Sound quality has been nothing short of remarkable, and I've had endless fun mucking about with the usual sampling cliches like human voice 'aahs' and slapped bass sounds. And all for well under a tenner, PCB and DDL excluded.
The PCB layout shown in Figure 6 should result in something a good bit neater than my veroboard prototype will ever be, and the component overlay isn't too densely packed, so there should be no soldering problems to speak of. You're best off using IC sockets for the two CMOS chips, IC6 and IC7, and I'd also suggest inserting the components in the following order: PCB wire links, IC sockets, resistors, capacitors, and finally the two transistors. Chances are your jack sockets will be of the solder lug variety, in which case you'll have to use short wire links to mount them on the board. And make sure they're fairly sturdy, as they're all that supports the PCB once it's been fitted inside the delay unit's case.
With all the components on the PCB, the next task is to wire the whole thing into the DDL circuit. Figures 1 and 3 show boxed labels that refer to the points on the DDL circuit at which wire links should be inserted and are quite explicit in their instructions, as the inclusion of IC pin numbers will tell you. You'll also see numbers in all the boxes except the Freeze one, and these correspond to the numbered positions in Figures 5 and 7 for easy cross-referencing.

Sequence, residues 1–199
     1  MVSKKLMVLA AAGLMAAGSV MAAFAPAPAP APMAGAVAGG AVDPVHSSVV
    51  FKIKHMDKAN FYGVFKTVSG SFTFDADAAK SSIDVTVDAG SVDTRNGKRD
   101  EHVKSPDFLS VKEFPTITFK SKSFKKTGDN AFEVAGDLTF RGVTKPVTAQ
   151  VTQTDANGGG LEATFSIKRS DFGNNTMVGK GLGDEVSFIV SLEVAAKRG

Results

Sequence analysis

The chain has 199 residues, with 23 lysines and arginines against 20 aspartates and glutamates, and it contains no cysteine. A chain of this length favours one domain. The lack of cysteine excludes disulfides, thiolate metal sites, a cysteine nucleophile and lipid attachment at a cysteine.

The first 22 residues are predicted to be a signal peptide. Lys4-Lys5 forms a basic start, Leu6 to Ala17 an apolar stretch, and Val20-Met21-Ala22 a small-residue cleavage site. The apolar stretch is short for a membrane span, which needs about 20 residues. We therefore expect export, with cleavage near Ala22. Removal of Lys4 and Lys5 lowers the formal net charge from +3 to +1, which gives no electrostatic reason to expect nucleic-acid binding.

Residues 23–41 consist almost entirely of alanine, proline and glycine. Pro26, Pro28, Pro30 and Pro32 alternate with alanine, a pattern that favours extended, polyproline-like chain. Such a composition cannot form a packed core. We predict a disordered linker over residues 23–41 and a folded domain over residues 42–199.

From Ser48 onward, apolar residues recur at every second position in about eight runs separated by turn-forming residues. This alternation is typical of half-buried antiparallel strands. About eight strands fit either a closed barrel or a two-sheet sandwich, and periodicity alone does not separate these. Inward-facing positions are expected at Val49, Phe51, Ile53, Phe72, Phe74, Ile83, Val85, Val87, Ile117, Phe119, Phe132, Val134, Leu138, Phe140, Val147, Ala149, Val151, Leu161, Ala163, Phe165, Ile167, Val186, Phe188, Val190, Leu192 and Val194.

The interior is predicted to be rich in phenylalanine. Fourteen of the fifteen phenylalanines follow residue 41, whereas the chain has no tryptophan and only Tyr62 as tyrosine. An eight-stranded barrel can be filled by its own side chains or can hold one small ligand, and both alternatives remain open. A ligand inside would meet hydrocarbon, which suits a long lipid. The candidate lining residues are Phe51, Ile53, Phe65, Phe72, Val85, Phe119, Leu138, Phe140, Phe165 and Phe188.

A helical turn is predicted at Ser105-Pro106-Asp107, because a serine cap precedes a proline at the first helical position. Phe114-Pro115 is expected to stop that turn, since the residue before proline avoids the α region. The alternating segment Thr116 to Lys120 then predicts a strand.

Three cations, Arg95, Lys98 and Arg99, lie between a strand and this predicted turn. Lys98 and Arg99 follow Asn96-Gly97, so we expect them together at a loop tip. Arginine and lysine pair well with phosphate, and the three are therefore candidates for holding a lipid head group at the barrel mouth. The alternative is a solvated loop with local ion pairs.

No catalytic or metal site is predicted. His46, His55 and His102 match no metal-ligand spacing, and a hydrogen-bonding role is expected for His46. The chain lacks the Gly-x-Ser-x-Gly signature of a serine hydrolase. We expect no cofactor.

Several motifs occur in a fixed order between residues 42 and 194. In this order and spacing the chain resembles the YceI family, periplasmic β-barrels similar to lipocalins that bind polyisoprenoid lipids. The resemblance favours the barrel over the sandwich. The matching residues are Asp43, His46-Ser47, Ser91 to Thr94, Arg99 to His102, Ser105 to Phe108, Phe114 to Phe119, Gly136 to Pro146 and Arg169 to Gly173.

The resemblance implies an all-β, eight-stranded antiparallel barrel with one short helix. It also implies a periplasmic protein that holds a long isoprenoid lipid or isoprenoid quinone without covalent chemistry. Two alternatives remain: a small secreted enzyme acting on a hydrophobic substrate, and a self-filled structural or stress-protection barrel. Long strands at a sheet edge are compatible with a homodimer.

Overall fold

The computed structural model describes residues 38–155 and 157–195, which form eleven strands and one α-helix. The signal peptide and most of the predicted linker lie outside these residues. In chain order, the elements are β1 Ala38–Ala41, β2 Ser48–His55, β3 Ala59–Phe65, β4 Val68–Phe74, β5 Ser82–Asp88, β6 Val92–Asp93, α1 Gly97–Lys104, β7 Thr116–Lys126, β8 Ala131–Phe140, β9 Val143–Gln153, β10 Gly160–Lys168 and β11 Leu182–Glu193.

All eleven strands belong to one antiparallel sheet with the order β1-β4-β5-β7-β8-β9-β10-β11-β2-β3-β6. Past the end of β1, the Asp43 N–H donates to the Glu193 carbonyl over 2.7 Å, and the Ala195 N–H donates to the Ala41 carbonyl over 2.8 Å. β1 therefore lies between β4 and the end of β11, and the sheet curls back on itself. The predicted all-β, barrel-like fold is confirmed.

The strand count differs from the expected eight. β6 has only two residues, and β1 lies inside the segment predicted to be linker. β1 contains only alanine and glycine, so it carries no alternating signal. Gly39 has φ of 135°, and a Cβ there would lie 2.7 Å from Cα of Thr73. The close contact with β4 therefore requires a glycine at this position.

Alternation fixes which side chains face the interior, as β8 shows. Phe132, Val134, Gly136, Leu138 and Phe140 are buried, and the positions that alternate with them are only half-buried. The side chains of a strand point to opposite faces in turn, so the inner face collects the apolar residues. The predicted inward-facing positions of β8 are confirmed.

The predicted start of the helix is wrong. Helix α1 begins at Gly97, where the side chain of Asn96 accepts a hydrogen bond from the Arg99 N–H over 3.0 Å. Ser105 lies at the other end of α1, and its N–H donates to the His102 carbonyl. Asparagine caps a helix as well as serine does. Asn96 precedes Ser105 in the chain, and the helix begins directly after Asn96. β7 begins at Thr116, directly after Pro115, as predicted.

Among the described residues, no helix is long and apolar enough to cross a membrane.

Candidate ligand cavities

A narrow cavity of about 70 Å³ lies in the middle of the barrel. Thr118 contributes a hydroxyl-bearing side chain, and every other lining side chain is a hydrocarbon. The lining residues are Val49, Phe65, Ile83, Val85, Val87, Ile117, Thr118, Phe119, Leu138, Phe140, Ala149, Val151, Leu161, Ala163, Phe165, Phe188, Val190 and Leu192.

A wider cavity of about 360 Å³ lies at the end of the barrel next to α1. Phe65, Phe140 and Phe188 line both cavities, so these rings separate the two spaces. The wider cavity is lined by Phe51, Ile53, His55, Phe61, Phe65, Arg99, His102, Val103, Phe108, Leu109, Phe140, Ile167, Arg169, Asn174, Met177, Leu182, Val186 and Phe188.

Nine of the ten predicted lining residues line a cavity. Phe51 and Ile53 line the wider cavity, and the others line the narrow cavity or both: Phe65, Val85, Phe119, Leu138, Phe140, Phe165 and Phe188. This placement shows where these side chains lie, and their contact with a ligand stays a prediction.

Making connections to IC legs shouldn't pose any problem, as it's simply a case of taking each IC out of its socket, bending the appropriate legs out from the body, returning the chip to the socket and soldering each bent-out leg (which is no longer connected to the circuit) to its corresponding wire. Take care not to hold your soldering iron against any leg for too long, or you'll damage the IC. There are a few connections which aren't to IC legs, wzthe link between point 1 and one end of R55; the wires for points 12 and 13, which are +5V and digital 0V connections respectively and should be soldered to the tracks on top of the PCB; the wire between point 14 and S8, which can be inserted through a board connection hole (see Figure 7) and soldered from above; and the Freeze connection, which should be made according to the instructions in Figure 8 - note that S3 and JK4 are wired according to this Figure, not as shown in the original Powertran circuit diagram. One final point is to ensure that IC legs 3, 4, 5 and 6 should be linked together as shown in Figure 7. Any 5V and 0V lines you might need can be picked up from some convenient point on the main PCB.